Fela enshrined

Fela enshrined


Fela Kuti’s friend, Carlos Moore, the black Cuban emigre writer, made a film about their at times difficult relationship. The result is complex.


Carlos Moore and Fela Kuti. Still from film My Friend Fela.

Twenty-two years after his death of complications from AIDS, Fela Kuti stands as one of the most documented, analyzed, and celebrated African artists in any medium. There have been at least seven books in English and three feature-length film documentaries, Music is the Weapon, Finding Fela and now, My Friend Fela. In 2003, the New Museum staged an exhibition of contemporary artworks inspired by the artist (The Art and Legacy of Fela Anikulapo-Kuti), and 2008 brought Bill T. Jones and Jim Lewis’s Broadway musical, Fela! (whose production is documented in Finding Fela). To be sure, Fela deserves this volume of attention, both as stylistic innovator, whose Afrobeat funk changed global pop music, and as fiery activist—the “Black President” who continues to inspire insurgent movements by the likes of Uganda’s Bobi Wine. Yet, as the Fela retrospectives pile up, one wonders what new perspective on the man and his times each new contribution can possibly bring.

As its title suggests, Carlos Moore’s film My Friend Fela is a highly personal account, meditating not only on the artist, but also on the intersection of Moore’s own eventful life and Kuti’s. Born in 1942 in Cuba to Jamaican parents, Moore moved to New York and immersed himself, under Maya Angelou’s tutelage, in the Black liberation struggle. He eventually became one of Malcolm X’s closest assistants in charge of security and logistics—his “everything man,” in Moore’s words. In 1961, following the assassination of Patrice Lumumba, Moore organized a groundbreaking black sit-in protest at a UN Security Council session. Footage of this event appears in the film, along with rare footage of Malcolm X in Paris.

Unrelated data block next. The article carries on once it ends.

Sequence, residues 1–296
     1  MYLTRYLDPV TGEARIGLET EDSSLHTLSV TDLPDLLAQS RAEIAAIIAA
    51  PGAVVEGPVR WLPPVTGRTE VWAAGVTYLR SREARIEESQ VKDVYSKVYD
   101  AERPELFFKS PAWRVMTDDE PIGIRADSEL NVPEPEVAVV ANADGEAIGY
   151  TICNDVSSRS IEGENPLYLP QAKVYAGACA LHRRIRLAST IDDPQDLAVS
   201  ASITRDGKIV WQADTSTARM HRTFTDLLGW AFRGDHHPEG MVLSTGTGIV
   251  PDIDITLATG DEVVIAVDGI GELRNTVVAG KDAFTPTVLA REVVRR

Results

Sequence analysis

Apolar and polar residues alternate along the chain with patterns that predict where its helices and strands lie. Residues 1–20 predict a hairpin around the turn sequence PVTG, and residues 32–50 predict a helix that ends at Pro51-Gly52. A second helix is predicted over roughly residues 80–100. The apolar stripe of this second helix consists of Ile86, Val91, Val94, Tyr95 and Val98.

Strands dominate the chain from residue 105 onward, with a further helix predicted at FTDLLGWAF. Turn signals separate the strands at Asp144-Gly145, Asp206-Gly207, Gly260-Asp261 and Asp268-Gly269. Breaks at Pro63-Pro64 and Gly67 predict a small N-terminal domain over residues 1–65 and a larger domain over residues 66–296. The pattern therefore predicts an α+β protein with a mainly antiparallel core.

After Malcolm’s death, Moore met Fela and the two bonded over their shared commitment to Black radical politics, with the more politically seasoned Moore filling Kuti in on what he was eager to learn. In 1982, Moore published, in French, Fela: This Bitch of a Life, the first biography of the artist, which, in various translations, did a great deal to raise global awareness of Kuti. In 2010, Moore made news when he filed a lawsuit against “Fela!” the musical, claiming that substance from his book had been used without his consent or knowledge. In 2012, a settlement was reached: all future promotional materials for the production would include the phrase “inspired by Fela: This Bitch of a Life by Carlos Moore.”

In his new film, Moore vows to “set the record straight” on Fela: the Nigerian was no mere “cultural icon” or “ghetto hero,” but a man who “challenged the whole moral basis of the society in which he was involved.” It is not clear whom exactly Moore is defending Kuti’s reputation against—most of what is said today about the artist/activist seems positive, even adulatory. Indeed, given Fela’s increasingly legendary status, I for one welcome depictions of the artist that take his complex, flawed personality into account along with his genius.